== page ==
participants at the final workshop held in October 2007.
- These are the three proposed national-level TIM program objectives
and the supporting performance measures the Focus States agreed to
implement in common.
- The majority of FSI participants are actively implementing or planning
to implement the "roadway" and/or "incident" clearance
time performance measures. It is significant that the Focus States
were able to agree on a shared definition of secondary crashes given
the many differing perspectives and variables impacting this area.
At the conclusion of the TIM FSI, participants had not yet begun actively
measuring this last consensus-based PM.
TIM Performance Measurement
"Roadway" Clearance Time
- The time between first recordable awareness of an incident (detection/notification/verification)
by a responsible agency and first confirmation that all lanes are
available for traffic flow.
- "Roadway" Clearance Time is defined as the time between
the first recordable awareness of an incident (detection, notification
or verification) by a responding agency and first confirmation that
all lanes are available for traffic flow.
TIM Performance Measurement
"Incident" Clearance Time
- The time between the first recordable awareness and the time at
which the last responder has left the scene.
- "Incident" Clearance Time is defined as the time between
the first recordable awareness of the incident and the time at which
the last responder has left the scene.
TIM Performance Measurement
- The number of secondary crashes beginning with the time of detection
of the primary incident where a collision occurs either a) within
the incident scene or b) within the queue, including the opposite
direction, resulting from the original incident.
"Secondary Crashes" are defined as the number of crashes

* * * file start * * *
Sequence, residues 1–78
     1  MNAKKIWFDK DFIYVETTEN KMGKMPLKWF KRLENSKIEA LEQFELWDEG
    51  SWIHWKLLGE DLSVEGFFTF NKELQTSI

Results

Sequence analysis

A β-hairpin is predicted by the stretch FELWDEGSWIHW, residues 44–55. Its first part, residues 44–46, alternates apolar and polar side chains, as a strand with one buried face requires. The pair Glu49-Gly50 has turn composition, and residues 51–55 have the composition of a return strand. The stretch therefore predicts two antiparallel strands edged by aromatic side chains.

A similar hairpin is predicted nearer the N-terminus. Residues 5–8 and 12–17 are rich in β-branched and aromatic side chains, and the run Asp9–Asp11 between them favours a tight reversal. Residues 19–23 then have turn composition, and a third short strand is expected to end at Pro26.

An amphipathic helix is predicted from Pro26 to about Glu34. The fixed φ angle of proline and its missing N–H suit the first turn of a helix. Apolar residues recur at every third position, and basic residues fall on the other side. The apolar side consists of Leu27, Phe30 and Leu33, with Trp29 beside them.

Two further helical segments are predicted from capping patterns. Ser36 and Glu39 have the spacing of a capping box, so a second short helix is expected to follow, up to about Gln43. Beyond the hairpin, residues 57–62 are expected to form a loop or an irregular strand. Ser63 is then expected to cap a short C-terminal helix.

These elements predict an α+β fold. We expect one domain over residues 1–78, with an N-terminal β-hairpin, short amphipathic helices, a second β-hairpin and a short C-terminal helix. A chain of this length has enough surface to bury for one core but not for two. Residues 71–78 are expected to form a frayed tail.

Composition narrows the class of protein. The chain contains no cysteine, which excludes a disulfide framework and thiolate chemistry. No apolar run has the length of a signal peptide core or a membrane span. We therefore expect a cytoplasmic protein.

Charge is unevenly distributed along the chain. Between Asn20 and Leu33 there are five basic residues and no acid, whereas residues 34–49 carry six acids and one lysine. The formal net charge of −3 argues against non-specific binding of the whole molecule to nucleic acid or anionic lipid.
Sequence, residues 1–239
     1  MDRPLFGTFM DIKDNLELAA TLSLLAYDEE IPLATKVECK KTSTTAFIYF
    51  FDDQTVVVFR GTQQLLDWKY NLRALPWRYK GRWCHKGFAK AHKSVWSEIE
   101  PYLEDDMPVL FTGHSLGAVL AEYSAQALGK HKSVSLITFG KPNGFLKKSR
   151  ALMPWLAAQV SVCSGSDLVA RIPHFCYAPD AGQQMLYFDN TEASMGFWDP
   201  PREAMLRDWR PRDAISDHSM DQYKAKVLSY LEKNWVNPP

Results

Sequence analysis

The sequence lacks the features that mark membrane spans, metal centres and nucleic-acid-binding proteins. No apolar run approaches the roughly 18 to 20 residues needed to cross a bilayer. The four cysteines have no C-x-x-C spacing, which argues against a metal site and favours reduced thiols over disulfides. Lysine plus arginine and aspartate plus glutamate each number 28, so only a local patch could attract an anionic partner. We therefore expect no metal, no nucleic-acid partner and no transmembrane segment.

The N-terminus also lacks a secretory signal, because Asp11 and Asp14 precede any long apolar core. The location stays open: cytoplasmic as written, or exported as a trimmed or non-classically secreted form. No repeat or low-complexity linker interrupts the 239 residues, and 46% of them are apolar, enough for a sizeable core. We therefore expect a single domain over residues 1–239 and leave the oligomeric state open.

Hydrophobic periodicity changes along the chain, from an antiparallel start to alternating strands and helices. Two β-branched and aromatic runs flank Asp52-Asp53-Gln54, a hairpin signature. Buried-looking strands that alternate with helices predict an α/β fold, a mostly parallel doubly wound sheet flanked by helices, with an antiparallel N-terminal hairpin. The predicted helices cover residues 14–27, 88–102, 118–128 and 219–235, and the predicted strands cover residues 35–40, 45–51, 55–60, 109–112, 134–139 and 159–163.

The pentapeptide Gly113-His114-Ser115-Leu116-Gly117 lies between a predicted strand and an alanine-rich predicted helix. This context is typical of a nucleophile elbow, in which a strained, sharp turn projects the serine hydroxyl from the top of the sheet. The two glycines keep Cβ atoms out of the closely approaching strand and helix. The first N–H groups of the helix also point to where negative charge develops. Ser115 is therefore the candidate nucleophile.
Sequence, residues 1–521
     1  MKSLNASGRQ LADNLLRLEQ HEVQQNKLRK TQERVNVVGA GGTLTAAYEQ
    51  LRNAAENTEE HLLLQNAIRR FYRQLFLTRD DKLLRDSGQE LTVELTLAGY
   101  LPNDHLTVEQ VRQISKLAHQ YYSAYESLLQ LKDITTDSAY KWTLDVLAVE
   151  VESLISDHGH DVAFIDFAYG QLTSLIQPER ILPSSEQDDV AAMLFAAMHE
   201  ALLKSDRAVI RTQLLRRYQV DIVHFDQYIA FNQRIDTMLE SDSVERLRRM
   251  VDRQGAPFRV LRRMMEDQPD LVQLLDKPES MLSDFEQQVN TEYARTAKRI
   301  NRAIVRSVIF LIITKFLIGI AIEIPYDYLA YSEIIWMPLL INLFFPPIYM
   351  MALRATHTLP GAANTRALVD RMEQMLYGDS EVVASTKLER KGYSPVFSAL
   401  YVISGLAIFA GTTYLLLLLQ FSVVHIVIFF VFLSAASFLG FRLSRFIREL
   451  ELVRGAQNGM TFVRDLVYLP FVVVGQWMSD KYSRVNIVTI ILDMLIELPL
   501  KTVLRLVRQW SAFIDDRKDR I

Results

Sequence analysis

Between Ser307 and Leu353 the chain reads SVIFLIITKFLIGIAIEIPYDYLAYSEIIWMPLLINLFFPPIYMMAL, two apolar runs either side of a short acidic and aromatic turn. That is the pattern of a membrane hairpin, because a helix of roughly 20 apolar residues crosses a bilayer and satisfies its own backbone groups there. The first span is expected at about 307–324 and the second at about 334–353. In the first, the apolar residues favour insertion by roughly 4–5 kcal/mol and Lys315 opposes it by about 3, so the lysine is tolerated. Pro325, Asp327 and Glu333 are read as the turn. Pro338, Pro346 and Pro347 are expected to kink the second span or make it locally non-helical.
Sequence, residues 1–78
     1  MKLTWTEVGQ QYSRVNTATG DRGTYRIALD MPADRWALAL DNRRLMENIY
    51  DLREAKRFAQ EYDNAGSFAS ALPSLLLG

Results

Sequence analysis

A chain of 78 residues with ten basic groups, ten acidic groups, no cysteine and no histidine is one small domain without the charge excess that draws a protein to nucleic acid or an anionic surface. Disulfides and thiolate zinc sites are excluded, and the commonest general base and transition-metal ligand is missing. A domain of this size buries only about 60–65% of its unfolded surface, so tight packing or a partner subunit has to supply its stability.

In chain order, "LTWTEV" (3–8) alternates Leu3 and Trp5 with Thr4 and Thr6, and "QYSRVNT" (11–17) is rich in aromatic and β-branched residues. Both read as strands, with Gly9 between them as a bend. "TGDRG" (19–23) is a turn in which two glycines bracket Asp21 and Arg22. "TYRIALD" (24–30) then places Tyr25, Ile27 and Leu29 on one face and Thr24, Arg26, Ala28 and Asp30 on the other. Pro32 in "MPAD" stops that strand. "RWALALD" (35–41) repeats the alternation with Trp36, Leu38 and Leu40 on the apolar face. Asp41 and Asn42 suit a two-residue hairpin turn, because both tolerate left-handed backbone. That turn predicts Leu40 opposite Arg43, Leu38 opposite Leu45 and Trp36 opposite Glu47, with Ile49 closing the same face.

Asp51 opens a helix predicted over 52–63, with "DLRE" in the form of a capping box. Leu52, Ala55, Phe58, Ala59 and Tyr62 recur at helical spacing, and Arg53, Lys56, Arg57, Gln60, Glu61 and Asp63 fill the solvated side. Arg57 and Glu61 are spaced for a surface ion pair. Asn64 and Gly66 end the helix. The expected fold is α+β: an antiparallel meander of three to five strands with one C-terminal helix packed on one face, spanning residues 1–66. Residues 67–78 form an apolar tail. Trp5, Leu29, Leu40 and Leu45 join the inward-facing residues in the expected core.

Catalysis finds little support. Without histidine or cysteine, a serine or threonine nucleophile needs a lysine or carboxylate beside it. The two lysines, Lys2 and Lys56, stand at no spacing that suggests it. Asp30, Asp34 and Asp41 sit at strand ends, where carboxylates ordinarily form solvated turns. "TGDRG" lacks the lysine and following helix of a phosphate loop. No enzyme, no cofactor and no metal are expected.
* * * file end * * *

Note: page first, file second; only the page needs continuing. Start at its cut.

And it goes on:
beginning with the time of detection of the primary incident where the
collision occurs either a) within the incident scene or b) within the
queue, including the opposite direction, resulting from the original
Some Focus State Experiences - Benefits of Performance Measurement
- Let's see what the Focus States had to say about why they measure
The Maryland (CHART) Experience
- Response Time Reduction
- Clearance Time Reduction
- Delay Reduction
- Reduction In Incident Duration
- Fuel Consumption
- Secondary Incidents
- Risks At Primary Incident Sites
- Potential Incidents Due To Chart Ops.
- This slide, from FSI participant Maryland, highlights some of the
benefits of tracking TIM performance, including reduced incident response,
reduced clearance and duration times, reduced fuel consumption and
the resulting emissions benefits, reductions in secondary incidents,
and reduced risks at primary incident sites.
The Wisconsin Experience
- Establish a baseline
- Method to monitor and improve day-to-day operations
- Tool for prioritizing needs
- Ultimately use to support/justify programs
This slide, from FSI participant Wisconsin, identifies the Wisconsin
DOT's rationale for tracking TIM performance, allowing for a program
performance baseline to be established and progress to be tracked over